Sustainable Soil Strategy

The Duchy of Lancaster recently hosted a workshop on soil management for a number of farm tenants.  The event was held at the Allerton Project, a Game and Wildlife Conservation Trust research farm in Loddington. The focus of the workshop was on soil structure, chemistry and biology and it provided an opportunity to share examples of best practice.

 Members of the Duchy Rural team and tenants from Staffordshire, Lincolnshire and Northamptonshire were present and shared their experiences of effective soil management techniques throughout the day. The ‘trial plots’ on site at the research farm clearly demonstrated the impact of different autumn cultivation systems on the growing arable crops, allowing for a side-by-side comparison and assessment of alternative options.

 Commenting on the day Duchy Head of Rural Christopher Sparrow said: “For many years the agricultural industry has in part given insufficient attention to the condition, management and performance of our nation’s soils. A trend of unimaginative combinable crop rotations combined with the use of aggressive agri-chemicals and artificial fertilisers to secure short-term results have tainted the soil’s capability to manage volatile weather conditions or combat the ongoing spread of yield robbing weeds such as black-grass.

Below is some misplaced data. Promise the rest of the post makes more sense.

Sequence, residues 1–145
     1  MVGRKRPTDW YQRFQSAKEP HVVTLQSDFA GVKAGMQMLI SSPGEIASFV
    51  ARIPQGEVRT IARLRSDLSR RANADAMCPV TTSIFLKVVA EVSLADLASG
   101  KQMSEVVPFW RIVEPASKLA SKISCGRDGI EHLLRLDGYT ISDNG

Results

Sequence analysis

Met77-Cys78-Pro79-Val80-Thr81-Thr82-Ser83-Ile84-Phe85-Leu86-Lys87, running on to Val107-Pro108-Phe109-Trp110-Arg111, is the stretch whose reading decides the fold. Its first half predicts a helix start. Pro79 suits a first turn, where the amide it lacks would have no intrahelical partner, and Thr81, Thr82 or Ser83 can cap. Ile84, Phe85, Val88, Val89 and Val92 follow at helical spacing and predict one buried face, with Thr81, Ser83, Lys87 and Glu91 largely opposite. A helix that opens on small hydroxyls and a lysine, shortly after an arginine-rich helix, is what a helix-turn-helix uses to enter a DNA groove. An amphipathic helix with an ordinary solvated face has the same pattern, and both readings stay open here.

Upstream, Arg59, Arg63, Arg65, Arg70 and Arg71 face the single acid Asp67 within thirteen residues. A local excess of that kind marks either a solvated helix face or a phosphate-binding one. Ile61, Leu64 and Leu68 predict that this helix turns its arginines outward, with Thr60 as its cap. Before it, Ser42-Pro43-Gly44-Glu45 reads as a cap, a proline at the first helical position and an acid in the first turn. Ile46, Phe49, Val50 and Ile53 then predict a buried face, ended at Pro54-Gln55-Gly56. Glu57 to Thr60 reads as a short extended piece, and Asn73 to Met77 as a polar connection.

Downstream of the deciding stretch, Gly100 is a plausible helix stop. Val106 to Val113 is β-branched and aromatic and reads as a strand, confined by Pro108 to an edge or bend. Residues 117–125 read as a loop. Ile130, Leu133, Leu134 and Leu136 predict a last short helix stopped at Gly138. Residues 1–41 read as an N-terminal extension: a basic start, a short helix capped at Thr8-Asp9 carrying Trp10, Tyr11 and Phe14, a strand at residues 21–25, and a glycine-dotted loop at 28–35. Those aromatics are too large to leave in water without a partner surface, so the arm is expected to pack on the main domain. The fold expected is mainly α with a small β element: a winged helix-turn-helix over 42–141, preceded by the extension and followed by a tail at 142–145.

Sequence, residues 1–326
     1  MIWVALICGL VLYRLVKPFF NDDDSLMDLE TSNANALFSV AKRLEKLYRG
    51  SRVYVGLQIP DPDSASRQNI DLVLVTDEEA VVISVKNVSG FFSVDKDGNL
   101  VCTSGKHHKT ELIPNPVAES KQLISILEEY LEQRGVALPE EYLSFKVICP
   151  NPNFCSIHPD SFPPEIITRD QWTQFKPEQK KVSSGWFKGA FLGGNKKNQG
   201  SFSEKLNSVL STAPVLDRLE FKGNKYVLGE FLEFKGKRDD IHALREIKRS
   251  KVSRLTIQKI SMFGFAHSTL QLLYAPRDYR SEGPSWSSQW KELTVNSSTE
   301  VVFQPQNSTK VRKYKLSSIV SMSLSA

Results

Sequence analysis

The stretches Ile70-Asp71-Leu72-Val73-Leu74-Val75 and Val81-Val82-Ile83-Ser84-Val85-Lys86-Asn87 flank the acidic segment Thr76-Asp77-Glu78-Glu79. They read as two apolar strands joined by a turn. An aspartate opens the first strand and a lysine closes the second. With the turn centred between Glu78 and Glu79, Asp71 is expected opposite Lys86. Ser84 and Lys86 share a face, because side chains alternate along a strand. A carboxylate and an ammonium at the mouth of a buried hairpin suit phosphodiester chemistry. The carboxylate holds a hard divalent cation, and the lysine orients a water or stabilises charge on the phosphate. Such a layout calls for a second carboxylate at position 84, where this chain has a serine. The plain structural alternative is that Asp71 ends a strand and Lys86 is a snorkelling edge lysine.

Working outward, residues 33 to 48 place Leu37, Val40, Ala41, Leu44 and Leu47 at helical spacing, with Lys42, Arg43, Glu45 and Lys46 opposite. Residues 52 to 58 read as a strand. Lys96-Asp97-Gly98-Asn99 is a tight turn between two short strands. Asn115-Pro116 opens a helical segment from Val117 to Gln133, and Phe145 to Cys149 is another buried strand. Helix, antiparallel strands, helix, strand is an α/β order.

“As a responsible landowner the Duchy wants to encourage tenants to reverse this trend by actively managing, protecting and improving the quality of our soil and the way in which we look after it.”

Following feedback from those who attended the workshop the Duchy now intends to roll out similar events for its tenants in Cheshire, Lancashire and Yorkshire. The long-term aim is to help farmers prepare effective soil management strategies ahead of expected agricultural policy reforms in the UK which in turn are likely to target increased environmental protection and hopefully opportunities for soil improvement.